Movie review: The Philosophers (After the Dark)

Besides movies and series, I'm really passionate about philosophy. I've studied arts & social sciences. So I've read quite some philosophical pieces (Kant, Socrates, Plato, Nietzsche Descartes and more). But it started way earlier. When I was very young, I already bugged my mom with philosophical questions: Why is a chair a chair? And not a table. When you call it a chair, does it means it IS a chair? I was always trying to define things. And still am. I think philosophy is a beautiful thing and I can dwell in these thoughts for hours. Especially during my time at university, I could really drive people crazy. I could question everything. So when I heard of this movie The Philosophers (also known as After the Dark), I had to see it!  

 

It all starts at an international school in Jakarta.  It's the last day of school. The teacher starts by saying: "Here we are. At the end of it all. I've done what I can for you. Now you have to go out and think on your own. Time to fly or die". What follows is a short philosophical discussion. They discuss some interesting thought experiments. For example 'the trolley problem'. Have you heard of this thought experiment?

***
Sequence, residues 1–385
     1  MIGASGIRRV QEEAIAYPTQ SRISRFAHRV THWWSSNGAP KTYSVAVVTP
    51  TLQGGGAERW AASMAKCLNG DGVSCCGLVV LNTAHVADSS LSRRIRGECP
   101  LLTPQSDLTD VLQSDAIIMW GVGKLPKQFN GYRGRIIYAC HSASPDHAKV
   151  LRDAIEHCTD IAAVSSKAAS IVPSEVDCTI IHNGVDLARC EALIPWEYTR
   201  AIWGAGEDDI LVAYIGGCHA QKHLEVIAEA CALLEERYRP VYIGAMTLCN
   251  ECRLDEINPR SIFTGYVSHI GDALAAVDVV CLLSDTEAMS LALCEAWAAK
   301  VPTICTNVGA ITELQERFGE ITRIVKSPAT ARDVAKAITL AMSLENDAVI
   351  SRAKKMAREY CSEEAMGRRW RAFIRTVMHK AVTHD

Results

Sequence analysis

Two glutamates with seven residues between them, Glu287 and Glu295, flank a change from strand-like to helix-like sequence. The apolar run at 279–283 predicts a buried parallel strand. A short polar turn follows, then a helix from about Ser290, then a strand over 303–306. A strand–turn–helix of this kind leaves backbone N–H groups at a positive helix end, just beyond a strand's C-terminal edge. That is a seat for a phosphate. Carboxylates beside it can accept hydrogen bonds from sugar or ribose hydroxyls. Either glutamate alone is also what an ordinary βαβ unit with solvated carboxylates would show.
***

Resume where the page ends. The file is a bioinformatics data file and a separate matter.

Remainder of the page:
The teacher proposes to do one last thought experiment before the holidays: A global disaster. It's atomic. The next scene, brings us to this world. Here the experiment begins. The students and teacher stand outside, watching the destroyed world. They start by forming the thought experiment: There's a bunker and they enter. There, the problem appears. They have a group of 21. But in the bunker, there's only room for 10. That's the thought experiment. What to do? First response is: share beds and rantion supplies. That can't be done. You can't share oxygen. The door of the bunker will be sealed and they need to live on compressed tanks with oxygen. The bunker is designed to support 10 people for 1 year. 1 person extra means death by asphyxia. To survive, they have to stay one year in the bunker. (Because of the air after the atomic disaster). The question then is: Who's valuable enough to expand the limited resources on.